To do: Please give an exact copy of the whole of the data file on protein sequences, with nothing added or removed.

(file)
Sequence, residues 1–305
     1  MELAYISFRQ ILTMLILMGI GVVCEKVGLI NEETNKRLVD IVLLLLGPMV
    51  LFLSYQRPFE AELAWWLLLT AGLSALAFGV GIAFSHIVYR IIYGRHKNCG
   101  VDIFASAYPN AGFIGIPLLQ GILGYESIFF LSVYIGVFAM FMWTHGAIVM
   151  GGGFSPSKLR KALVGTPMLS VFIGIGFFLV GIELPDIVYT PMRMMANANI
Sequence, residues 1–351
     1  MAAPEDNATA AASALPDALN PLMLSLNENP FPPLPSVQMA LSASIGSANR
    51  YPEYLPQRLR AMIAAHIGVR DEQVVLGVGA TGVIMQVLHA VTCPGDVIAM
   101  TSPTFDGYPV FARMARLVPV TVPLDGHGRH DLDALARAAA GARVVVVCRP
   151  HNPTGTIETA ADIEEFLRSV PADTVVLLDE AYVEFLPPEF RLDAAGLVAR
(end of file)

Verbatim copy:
Sequence, residues 1–305
     1  MELAYISFRQ ILTMLILMGI GVVCEKVGLI NEETNKRLVD IVLLLLGPMV
    51  LFLSYQRPFE AELAWWLLLT AGLSALAFGV GIAFSHIVYR IIYGRHKNCG
   101  VDIFASAYPN AGFIGIPLLQ GILGYESIFF LSVYIGVFAM FMWTHGAIVM
   151  GGGFSPSKLR KALVGTPMLS VFIGIGFFLV GIELPDIVYT PMRMMANANI
Sequence, residues 1–351
     1  MAAPEDNATA AASALPDALN PLMLSLNENP FPPLPSVQMA LSASIGSANR
    51  YPEYLPQRLR AMIAAHIGVR DEQVVLGVGA TGVIMQVLHA VTCPGDVIAM
   101  TSPTFDGYPV FARMARLVPV TVPLDGHGRH DLDALARAAA GARVVVVCRP
   151  HNPTGTIETA ADIEEFLRSV PADTVVLLDE AYVEFLPPEF RLDAAGLVAR